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The 21st Century Media (R)evolution

Emergent Communication Practices, Second Edition

Jim Macnamara

The emergence of what are called ‘new media’ and ‘social media’ is one of the most discussed topics in contemporary societies. Because media and public communication are mostly analyzed within particular theoretical frameworks and within specific disciplinary fields, polarized views have been created with cyberoptimists and celebrants on one side and cyberpessimists and skeptics on the other. Thus we lack an understanding of the interdependencies and convergence between disciplines and practices.
The second edition of this book expertly synthesizes competing theories and disciplinary viewpoints and examines the latest data, including international research from fast-growing markets such as China, to provide a comprehensive, holistic view of the twenty-first century media (r)evolution. Dr. Macnamara argues that the key changes are located in practices rather than technologies and that public communication practices are emergent in highly significant ways.
Engaging and accessible, this book is essential reading for scholars and professionals in media and communication and an invaluable text for courses in media studies, journalism, advertising, public relations and organisational and political communication.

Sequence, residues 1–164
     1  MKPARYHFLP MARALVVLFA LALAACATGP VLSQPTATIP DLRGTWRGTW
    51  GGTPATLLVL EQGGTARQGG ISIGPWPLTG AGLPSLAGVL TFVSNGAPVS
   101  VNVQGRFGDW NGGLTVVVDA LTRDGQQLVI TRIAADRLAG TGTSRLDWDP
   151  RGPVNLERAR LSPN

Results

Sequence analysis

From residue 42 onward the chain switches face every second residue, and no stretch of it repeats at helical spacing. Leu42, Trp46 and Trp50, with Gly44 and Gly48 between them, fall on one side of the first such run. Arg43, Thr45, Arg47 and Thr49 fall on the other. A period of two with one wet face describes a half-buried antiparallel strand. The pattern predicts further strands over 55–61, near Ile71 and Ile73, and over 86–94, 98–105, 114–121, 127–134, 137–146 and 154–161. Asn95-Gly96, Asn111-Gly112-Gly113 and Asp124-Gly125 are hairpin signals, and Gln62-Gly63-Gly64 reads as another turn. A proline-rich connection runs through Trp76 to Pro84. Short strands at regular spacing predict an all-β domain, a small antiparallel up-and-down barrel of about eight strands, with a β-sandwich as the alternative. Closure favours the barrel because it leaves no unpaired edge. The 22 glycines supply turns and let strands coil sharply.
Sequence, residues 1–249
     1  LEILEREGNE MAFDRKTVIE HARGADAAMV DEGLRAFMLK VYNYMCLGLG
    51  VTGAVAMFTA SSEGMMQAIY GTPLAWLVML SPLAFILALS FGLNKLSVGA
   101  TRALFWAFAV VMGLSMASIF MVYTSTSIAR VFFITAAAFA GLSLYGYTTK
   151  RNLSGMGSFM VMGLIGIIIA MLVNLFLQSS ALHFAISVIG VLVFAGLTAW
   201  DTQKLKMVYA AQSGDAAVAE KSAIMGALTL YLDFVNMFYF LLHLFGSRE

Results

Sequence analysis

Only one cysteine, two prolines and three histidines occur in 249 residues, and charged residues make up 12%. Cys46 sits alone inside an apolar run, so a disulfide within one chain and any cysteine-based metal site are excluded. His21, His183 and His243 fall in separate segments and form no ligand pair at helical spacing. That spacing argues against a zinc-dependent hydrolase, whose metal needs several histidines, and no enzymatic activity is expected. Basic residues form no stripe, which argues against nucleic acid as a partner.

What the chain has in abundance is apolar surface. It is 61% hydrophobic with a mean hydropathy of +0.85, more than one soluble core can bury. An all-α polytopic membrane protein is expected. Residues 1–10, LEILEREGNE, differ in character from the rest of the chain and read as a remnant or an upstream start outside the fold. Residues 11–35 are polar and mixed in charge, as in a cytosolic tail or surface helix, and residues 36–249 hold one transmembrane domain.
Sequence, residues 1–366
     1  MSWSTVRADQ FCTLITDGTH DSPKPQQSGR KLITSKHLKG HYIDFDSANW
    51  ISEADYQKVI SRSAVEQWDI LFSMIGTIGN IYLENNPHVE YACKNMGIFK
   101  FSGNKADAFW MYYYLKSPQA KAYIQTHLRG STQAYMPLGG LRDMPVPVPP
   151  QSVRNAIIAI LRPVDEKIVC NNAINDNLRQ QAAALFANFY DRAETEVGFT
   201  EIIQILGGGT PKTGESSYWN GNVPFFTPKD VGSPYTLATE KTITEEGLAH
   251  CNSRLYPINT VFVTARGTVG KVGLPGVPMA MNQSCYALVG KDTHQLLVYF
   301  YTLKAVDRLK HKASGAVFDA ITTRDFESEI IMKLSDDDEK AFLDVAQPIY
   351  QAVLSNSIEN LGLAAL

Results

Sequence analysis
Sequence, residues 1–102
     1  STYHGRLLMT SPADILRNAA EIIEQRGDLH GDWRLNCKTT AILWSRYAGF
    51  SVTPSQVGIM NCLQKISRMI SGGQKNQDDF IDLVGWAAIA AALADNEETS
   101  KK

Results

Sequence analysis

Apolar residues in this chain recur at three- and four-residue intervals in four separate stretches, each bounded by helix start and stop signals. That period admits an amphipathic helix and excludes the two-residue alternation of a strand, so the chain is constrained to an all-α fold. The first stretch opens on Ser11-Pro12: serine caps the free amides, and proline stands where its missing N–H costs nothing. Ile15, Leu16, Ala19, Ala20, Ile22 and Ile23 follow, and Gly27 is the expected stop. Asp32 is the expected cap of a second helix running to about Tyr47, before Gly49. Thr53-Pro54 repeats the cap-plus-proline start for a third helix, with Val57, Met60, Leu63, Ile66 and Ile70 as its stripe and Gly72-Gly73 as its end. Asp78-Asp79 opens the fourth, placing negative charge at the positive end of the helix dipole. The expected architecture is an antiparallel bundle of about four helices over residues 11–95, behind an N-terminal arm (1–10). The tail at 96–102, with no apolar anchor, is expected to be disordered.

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Chapter 8. The Future of Advertising


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Advertising, which provides the underpinning business model and a significant proportion of the content for most media, is being significantly impacted by emergent media and communication practices, leading to profound changes in advertising. These relate to much more than the format and types of media potentially available for advertising. A view expressed by the executive director of one national advertising industry body that online is “just another medium in which to place advertising” misses the point and shows why many parts of the industry are struggling. The recurring theme of this book—that the tsunami of change in media is not simply about new distribution or delivery technologies but involves fundamentally different and emergent practices of communication—is equally true for advertising as it is for journalism, politics and other fields of public communication.

The collapse of revenues from traditional forms of advertising such as newspaper classifieds, print media display advertisements and 30-second broadcast commercials already has been discussed in the previous chapter, along with its near catastrophic effects on journalism. It must have seemed like the gravy train would never stop during the halcyon years of advertising when Porsches were parked in almost every ad agency car park and advertising executives dressed and lived like Mad Men. But stop it did. ← 309 | 310 →

As has occurred in relation to newspapers, television, cinema and broadcasting, some have been quick to forecast the end of...

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